12 September 2018

Talking health might shift attitudes on global warming

Posted by Shane Hanlon

By Shane M Hanlon

Global warming is a political issue. It shouldn’t be, but it is. I recently wrote a post about it that outlined political views on the subject, probably best summarized by this1:

Takeaway: majority of folks think that global warming is happening but views vary widely based on political affiliation. You might ask, “Yeah, but there are a bunch of different people in political parties. What about different levels of education?” Well2:

So, education over the course of years (generally)  improves acceptance that climate change (recognizing that using the phrase “climate change” versus “global warming” should be taken into consideration) is happening now because of us. But can attitudes change over a shorter period of time with different framing? Short answer: yes.

In a recent study, How Americans respond to information about global warming’s health impacts: Evidence from a national survey experiment, researchers asked if folks exposed to information about different types of health impacts of global warming would shift their opinions on the issue. Before, and after, participants read eight short essays on the health impacts of global warming, they were asked:

  • “On a scale from -5 (very bad) to +5 (very good), do you think global warming is bad or good for the health of people in your community?”
  • “How certain (or uncertain) are you about your answer to the previous question regarding how bad or good you think global warming is for the health of people in your community?”
  • “How important is the issue of global warming to you personally?”
  • “How worried are you about global warming?”
  • “How much do you think global warming will harm you personally?”
  • “How much do you think global warming will harm future generations of people?”
  • “[Should] the following entities should be doing more or less to protect people from health problems caused by global warming: The President; The U.S. Congress; Federal agencies; Your state government; Your local government?

The researchers also assessed participants’ political ideology and the presence of any chronic health conditions.

After reading the essays, participants overall revised their attitudes on how much global warming will/does affect health. Moderate- and somewhat conservative-leaning participants showed a larger attitude change than very/somewhat liberal- and very conservative-leaning participants. Additionally, those with a chronic condition showed a larger change in attitude.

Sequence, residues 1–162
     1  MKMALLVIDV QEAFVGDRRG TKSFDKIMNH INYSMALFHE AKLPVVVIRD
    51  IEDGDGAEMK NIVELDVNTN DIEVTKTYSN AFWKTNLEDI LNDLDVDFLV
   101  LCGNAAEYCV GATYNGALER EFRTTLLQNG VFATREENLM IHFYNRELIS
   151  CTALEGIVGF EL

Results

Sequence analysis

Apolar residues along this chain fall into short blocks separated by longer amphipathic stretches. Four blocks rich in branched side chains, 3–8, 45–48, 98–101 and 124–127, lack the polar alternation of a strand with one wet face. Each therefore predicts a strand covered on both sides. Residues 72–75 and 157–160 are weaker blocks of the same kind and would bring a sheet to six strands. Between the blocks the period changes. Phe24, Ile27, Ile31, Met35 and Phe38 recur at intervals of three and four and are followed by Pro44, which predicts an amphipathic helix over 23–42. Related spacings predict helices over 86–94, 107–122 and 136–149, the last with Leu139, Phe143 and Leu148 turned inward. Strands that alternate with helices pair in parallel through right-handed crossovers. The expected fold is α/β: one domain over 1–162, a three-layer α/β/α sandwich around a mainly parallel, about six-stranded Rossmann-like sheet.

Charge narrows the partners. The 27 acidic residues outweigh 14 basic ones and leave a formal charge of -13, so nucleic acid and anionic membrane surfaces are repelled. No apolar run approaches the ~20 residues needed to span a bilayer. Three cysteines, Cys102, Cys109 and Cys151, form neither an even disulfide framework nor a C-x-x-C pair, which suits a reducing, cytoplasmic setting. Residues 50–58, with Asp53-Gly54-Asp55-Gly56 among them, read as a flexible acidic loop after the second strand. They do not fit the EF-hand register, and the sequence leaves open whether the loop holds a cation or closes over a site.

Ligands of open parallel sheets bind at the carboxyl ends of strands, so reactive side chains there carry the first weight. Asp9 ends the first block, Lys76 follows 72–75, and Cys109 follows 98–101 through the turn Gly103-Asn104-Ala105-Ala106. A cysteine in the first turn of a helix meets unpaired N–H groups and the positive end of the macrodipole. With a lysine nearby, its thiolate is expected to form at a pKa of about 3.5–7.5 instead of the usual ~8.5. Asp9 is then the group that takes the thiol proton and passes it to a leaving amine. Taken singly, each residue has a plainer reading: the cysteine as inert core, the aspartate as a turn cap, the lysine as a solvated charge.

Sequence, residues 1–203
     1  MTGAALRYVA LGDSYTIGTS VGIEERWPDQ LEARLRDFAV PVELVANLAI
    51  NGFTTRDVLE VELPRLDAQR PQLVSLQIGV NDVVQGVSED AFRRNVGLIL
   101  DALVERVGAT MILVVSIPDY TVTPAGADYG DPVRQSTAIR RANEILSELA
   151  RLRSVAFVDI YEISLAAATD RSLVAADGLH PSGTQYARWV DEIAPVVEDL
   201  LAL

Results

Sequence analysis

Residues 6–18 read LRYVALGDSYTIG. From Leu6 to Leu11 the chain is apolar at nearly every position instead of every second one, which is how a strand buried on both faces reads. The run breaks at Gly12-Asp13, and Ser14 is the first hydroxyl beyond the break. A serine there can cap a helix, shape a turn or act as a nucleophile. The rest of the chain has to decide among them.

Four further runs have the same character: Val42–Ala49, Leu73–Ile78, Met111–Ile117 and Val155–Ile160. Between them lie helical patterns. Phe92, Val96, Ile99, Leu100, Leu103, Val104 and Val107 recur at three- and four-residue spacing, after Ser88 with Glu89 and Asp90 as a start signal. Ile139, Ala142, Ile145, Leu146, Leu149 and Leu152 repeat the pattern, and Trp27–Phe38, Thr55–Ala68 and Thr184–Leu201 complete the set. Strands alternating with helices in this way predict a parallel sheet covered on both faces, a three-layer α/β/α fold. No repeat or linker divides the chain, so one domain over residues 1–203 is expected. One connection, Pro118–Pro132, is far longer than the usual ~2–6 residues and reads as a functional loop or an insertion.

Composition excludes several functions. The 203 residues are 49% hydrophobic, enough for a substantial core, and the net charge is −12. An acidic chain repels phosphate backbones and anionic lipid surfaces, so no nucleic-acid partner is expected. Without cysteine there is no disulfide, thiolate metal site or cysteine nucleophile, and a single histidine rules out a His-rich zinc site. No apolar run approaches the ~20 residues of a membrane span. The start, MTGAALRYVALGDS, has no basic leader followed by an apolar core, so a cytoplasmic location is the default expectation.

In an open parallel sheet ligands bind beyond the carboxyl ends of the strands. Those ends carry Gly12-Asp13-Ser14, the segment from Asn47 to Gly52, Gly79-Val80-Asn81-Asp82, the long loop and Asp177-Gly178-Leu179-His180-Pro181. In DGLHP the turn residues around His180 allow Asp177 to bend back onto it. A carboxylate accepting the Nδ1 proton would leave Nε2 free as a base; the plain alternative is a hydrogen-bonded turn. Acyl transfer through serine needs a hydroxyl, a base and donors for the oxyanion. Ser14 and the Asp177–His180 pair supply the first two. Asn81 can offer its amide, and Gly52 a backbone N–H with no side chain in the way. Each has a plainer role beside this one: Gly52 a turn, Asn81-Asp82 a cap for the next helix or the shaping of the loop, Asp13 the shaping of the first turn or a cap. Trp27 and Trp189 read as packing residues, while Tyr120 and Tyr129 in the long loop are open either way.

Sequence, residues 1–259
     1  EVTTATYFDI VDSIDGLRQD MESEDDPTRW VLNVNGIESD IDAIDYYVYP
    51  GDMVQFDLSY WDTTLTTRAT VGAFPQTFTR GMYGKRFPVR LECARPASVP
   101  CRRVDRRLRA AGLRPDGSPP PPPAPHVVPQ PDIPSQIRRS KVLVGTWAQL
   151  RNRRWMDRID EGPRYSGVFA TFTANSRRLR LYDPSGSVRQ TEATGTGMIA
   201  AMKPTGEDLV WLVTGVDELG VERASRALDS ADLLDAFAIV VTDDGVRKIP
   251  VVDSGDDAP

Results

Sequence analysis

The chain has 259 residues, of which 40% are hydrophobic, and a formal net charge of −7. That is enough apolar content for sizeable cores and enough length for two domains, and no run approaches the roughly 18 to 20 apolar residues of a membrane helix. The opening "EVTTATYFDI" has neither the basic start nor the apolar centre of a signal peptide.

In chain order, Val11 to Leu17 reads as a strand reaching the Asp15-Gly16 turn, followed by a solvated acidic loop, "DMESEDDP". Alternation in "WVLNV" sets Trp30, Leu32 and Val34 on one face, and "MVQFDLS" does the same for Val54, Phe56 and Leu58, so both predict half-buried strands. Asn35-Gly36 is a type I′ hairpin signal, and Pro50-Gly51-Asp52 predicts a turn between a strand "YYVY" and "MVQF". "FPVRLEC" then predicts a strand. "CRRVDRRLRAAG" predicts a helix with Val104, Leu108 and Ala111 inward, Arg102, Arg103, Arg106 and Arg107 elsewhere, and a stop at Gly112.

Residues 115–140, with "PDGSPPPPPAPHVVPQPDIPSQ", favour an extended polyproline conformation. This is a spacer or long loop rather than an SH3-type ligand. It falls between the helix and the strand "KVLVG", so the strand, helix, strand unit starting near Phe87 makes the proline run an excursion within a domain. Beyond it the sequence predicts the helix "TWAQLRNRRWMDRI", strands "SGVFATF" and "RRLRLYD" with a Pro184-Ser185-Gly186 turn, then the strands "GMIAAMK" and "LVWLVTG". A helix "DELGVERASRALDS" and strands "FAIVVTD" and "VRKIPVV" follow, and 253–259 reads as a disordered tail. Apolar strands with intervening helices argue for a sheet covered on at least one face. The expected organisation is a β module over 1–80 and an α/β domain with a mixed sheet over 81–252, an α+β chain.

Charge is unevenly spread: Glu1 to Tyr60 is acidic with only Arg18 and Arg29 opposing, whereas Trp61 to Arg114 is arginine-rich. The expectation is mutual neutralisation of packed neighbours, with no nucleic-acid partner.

Those who read the essays became more worried that global warming will cause more harm to them and future generations.

On the health front, participants cared more about illnesses from contaminated food and water, as well as from disease-carrying organisms, compared to other health effects such as extreme heat, poor air quality, and extreme weather events. Finally, participants became more certain in their knowledge after reading the essays.

The authors showed the importance of framing global warming as a public health issue. Through a single exposure to eight short essays on the health impacts of global warming, they were able to show that people across the political spectrum have the potential to change their views on the issue. This work that shows that communication around climate change should potentially include framing talk about global warming around health impacts.

Shane M Hanlon is a Senior Specialist in AGU’s Sharing Science program. Find him on Twitter at @EcologyOfShaneThis study has been accepted for publication in GeoHealth, an AGU journal. 

1) Leiserowitz, A., Maibach, E., Roser-Renouf, C., Rosenthal, S., Cutler, M., & Kotcher, J. 2017. Politics & Global Warming, March 2018. Yale University and George Mason University. New Haven, CT: Yale Program on Climate Change Communication.

2) Hamilton, L.C., Bell, E., Hartter, J., & Salerno, J.D. 2018. A Change in the Wind? US Public Views on Renewable Energy and Climate Compared. Energy, Sustainability and Society 8(1): 11.